Saturday, July 2, 2011

Post 29

I went to buy some shorts today. I am no great shakes at buying clothing, since I am both cheap and tender to wander into the ownership of clothing rather than acquiring it through direct pursuit. Today, however, I had a clear mission: I wanted shorts and I wanted them to be a color other than khaki. My search had started last week at Macy's, where I pored fruitlessly through racks of jeans and bathing suits. This week, I started at Banana Republic, attracted by the promise of a sale. Inside, I was tempted by a pair of khaki shorts, but as I was being led to the changing rooms I ascertained from the attendant that I had stumbled on an article of clothing born immune to sales and reductions. Inside the booth, I discarded the shorts and jotted down some notes in a notebook instead, savoring the privacy. I exited to find the clerk waiting. "Any luck?" she asked, a question I still don't understand. What was supposed to happen? Was there a dollar in there I could have found? "Uh, yeah, but I'm not gonna get the shorts" I muttered, looking down. "Ah," she replied. I scurried out.

Banana Republic was followed by The Gap, a store in a midlife crisis. My image of Gap is that of a no-frills store, or at least one in which frills are on backorder. On entering, I saw that it had abandoned its plain-jane flourescent lighting in favor of thumping music and large plasma screen TVs. Again, I tried on a pair of khaki shorts. The changing booths didn't lock, and a woman knocked on the door and started to open the door. I yelled "OCCUPIED" and forced it shut before she could see anything. Why was I the embarrassed one in that situation?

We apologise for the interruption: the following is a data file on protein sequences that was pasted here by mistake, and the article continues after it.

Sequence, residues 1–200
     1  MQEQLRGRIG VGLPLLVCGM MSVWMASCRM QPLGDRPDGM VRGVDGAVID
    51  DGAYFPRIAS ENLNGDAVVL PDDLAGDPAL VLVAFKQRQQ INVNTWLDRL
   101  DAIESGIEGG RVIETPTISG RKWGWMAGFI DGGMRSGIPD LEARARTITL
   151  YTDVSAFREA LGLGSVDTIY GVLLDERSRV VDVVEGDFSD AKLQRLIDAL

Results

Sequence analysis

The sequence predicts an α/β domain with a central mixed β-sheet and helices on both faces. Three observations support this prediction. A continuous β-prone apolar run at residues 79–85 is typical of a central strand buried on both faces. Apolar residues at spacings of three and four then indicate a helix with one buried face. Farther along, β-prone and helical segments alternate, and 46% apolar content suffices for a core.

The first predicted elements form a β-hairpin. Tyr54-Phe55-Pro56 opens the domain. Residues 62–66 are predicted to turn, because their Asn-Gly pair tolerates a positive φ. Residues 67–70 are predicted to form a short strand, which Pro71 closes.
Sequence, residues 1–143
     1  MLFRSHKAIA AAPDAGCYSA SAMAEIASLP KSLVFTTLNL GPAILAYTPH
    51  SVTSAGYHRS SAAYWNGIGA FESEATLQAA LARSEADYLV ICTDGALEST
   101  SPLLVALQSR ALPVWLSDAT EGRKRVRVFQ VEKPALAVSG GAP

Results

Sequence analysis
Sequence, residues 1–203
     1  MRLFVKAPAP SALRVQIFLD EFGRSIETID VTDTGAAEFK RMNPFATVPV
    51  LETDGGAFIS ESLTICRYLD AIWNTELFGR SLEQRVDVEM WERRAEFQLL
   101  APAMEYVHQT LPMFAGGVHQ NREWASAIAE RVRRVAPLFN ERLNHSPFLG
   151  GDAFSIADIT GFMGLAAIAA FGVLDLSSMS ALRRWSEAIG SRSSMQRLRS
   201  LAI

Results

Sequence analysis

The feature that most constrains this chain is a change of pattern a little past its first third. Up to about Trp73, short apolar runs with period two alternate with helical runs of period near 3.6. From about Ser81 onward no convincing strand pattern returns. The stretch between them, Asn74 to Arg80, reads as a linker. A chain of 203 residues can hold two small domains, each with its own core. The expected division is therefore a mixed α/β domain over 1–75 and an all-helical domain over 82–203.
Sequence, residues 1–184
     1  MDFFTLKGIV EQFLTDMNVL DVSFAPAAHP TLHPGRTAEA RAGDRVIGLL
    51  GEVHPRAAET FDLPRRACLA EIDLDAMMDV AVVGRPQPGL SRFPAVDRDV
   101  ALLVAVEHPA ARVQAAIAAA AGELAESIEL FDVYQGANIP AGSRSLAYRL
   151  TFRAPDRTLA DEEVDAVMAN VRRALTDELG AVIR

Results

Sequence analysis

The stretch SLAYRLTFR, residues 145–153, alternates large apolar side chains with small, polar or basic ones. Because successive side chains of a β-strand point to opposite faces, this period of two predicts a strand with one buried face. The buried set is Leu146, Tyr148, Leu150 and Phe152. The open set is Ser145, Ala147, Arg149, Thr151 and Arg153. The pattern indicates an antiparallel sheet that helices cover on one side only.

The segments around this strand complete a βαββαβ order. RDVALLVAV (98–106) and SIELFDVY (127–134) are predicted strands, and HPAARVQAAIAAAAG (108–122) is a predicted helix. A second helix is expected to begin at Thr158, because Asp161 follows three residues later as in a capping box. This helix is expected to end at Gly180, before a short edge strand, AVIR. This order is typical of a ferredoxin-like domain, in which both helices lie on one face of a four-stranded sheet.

I ambled into Nordstrom; my greenhorn status as a shopper means I know very little about the relative prices of stores. I sat down to examine some shorts, saw the $80 price tag, and leapt up.

At this point, I swallowed my pride and ducked into Abercrombie and Fitch, America's oldest retail rave. The place reeked of cologne: it was a radical shift from the walkways of the mall, where Auntie Anne rules with a benevolent cinnamon fist. I walked along the walls of naked men strewn out in black-and-white, but again I was disappointed by the selection.

I helped myself to some more of my pride and stopped at Hollister, Abercrombie's beach-bum friend with benefits. Here, finally, was the pair of shorts I was looking for. I bought them (on sale, too!) and hustled back out to the safety of the mall. The bag the clerk gave me was decorated with a shirtless man on each side. I ran for the parking lot. When I got home, I showed my mom. "Hmm!" she said.

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